Map of people moving during pandemic

It was only a matter of time before someone showed dots moving across a map to show migration during the pandemic. Again, using USPS change of address data, Yan Wu and Luis Melgar for the Wall Street Journal (paywalled) showed where people moved in the country.

As shown through other views, a lot of the movement wasn’t out of the ordinary, but in some areas — mainly San Francisco and New York — the pandemic appeared to motivate people a little more to move.

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‘Less than 10 percent’ outdoors

The CDC said that “less than 10 percent” of coronavirus cases were from outdoor transmissions. David Leonhardt for The New York Times argues why in all likelihood that number is way too high and leads to public confusion:

If you read the academic research that the C.D.C. has cited in defense of the 10 percent benchmark, you will notice something strange. A very large share of supposed cases of outdoor transmission have occurred in a single setting: construction sites in Singapore.

In one study, 95 of 10,926 worldwide instances of transmission are classified as outdoors; all 95 are from Singapore construction sites. In another study, four of 103 instances are classified as outdoors; again, all four are from Singapore construction sites.

This obviously doesn’t make much sense. It instead appears to be a misunderstanding that resembles the childhood game of telephone, in which a message gets garbled as it passes from one person to the next.

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Trending hobbies during the pandemic

This past year has seen a rising interest in long-lost hobbies due to shelter-in-place, social distancing, and lockdown orders. Google Trends and Polygraph charted the hobbies that saw the biggest spikes each day of the year.

I’m surprised that sourdough or bread-making is on there, but maybe they didn’t fall under the hobby definition they used.

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Pandemic migrations

With the restrictions of the pandemic, you might expect an unusually big wave of people leaving cities for more open space. Using USPS’s change of address data, Jed Kolko, Emily Badger and Quoctrung Bui, for NYT’s The Upshot, show that this was not quite the case.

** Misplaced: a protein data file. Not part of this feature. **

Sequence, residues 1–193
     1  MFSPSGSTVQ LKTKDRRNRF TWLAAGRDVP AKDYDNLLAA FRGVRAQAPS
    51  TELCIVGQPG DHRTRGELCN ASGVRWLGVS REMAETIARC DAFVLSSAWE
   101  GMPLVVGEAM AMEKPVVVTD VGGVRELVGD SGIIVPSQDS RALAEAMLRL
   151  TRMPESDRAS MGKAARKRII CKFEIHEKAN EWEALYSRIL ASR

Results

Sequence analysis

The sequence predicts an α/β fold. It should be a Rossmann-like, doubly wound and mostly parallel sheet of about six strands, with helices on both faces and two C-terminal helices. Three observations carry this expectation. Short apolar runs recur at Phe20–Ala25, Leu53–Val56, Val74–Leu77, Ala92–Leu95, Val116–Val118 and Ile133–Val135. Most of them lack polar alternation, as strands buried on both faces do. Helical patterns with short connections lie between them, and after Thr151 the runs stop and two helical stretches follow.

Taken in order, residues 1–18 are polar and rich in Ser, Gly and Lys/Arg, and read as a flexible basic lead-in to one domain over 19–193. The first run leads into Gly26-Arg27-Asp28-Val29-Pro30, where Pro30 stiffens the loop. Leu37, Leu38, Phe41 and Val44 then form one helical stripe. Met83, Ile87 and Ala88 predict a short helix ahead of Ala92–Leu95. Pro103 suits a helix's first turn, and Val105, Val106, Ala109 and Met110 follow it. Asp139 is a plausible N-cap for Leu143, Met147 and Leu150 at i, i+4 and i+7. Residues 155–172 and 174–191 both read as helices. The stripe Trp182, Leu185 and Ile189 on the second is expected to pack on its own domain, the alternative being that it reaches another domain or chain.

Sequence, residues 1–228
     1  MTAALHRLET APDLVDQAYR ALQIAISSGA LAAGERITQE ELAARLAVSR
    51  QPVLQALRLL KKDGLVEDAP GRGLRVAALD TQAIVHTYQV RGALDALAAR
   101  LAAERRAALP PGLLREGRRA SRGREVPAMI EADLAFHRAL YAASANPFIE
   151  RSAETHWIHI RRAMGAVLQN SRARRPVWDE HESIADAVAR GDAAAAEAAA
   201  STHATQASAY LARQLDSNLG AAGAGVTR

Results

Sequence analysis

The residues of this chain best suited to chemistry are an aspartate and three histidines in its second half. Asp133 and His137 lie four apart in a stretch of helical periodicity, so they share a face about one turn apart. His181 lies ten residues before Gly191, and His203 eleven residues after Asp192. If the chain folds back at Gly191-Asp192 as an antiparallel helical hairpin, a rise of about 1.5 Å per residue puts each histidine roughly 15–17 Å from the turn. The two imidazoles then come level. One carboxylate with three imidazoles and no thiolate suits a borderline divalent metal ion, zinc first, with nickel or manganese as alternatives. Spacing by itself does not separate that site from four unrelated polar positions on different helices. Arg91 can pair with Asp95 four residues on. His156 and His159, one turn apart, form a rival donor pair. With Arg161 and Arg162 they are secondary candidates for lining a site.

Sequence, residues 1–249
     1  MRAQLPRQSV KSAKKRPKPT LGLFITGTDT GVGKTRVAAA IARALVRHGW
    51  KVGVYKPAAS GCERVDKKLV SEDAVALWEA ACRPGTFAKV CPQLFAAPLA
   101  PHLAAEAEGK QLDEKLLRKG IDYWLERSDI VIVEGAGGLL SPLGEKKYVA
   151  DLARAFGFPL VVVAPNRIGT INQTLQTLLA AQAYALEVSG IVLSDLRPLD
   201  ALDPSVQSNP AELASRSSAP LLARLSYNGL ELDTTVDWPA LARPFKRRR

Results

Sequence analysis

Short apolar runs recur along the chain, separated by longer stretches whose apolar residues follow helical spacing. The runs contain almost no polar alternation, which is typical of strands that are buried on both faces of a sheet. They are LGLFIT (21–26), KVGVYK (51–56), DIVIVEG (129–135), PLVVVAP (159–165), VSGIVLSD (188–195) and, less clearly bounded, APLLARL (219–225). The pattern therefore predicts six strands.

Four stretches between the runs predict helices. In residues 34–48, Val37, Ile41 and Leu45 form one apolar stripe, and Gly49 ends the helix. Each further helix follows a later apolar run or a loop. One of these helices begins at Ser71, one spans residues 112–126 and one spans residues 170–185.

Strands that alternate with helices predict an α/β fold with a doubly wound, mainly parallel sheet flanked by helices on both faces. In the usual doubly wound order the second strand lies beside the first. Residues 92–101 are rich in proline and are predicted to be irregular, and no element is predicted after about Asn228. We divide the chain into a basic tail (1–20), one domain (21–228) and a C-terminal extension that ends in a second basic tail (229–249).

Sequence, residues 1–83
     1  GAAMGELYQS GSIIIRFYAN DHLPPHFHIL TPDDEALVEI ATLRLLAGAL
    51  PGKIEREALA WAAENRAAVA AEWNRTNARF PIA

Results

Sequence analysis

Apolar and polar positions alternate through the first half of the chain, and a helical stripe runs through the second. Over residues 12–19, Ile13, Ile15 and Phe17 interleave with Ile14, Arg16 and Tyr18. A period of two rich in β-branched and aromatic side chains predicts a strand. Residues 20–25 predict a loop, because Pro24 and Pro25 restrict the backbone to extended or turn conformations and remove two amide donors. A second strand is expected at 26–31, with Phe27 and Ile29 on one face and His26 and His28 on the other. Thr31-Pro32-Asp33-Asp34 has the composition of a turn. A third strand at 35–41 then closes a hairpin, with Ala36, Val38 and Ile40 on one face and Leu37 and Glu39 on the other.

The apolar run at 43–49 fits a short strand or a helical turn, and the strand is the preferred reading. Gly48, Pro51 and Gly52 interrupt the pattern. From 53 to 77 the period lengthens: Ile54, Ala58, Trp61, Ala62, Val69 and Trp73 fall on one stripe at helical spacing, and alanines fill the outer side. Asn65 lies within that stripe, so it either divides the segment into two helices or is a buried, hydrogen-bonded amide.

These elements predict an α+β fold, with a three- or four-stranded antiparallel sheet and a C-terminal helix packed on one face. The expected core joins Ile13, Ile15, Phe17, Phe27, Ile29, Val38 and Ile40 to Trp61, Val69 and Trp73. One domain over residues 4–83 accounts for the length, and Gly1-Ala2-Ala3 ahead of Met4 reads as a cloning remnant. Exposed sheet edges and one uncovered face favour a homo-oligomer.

This surprised me, because I live in a suburban area that saw a flux of home buyers, which made prices approach ridiculous ranges. I wonder what in- and out-migration look like separately, on relative and absolute scales.

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Voting and vaccination rate

Danielle Ivory, Lauren Leatherby and Robert Gebeloff for The New York looked at voting from the 2020 election and vaccination rates at the state and county levels. The strength of correlation is surprising. The existence of the correlation is not.

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Particles on a plane

The CDC says it’s safe to travel now if you’re vaccinated, so you may or may not want to see this, but The New York Times shows how air particles circulate through an airplane.

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Tracking airfare as a proxy for summer travel plans

Quoctrung Bui and Sarah Kliff for NYT’s The Upshot used difference charts to show how current airfare prices are approaching 2019 prices, based on data from travel app Hopper. This seems to indicate that people are getting ready to travel again.

Because airfare is typically purchased weeks or months in advance, it can be a barometer of how the public is feeling about the pace of recovery. The prices in the Hopper data, which includes fares displayed over three years of searches (representing billions of flight queries), now suggest a travel recovery that could be in full effect as early as this summer.

The red shade between each line shows the difference between prices year-over-year. Usually the area color in difference charts reflects the metric that is greater, but in these, the area reflects the metric that is less. That confused me for a second. But I’m curious if you’re not familiar with difference charts, do you just see the pattern correctly right away?

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Visualizing risk of Johnson & Johnson vaccine side effect

As the Johnson & Johnson vaccine pauses in the United States, Philip Bump for The Washington Post offers a quick visualization that shows 100 vaccinations per second. A red one appears if there’s a side effect. But because the side effect is rare, currently at 1 in 1.1 million, the red dot on the visualization likely never appears as you watch. The blue dots are potential lives saved if the J&J vaccine continues.

I’m reminded of David Spiegelhalter’s video on understanding risk from over a decade ago. So many everyday activities carry risk. The only way we get through the day is not to avoid all risk, which is impossible, but to figure out what risk we’re willing to take.

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Vaccine efficacy rates explained

Vox explains efficacy rates and why the best vaccine is the one you get now:

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Vaccine efficacy rates explained

Vox explains efficacy rates and why the best vaccine is the one you get now:

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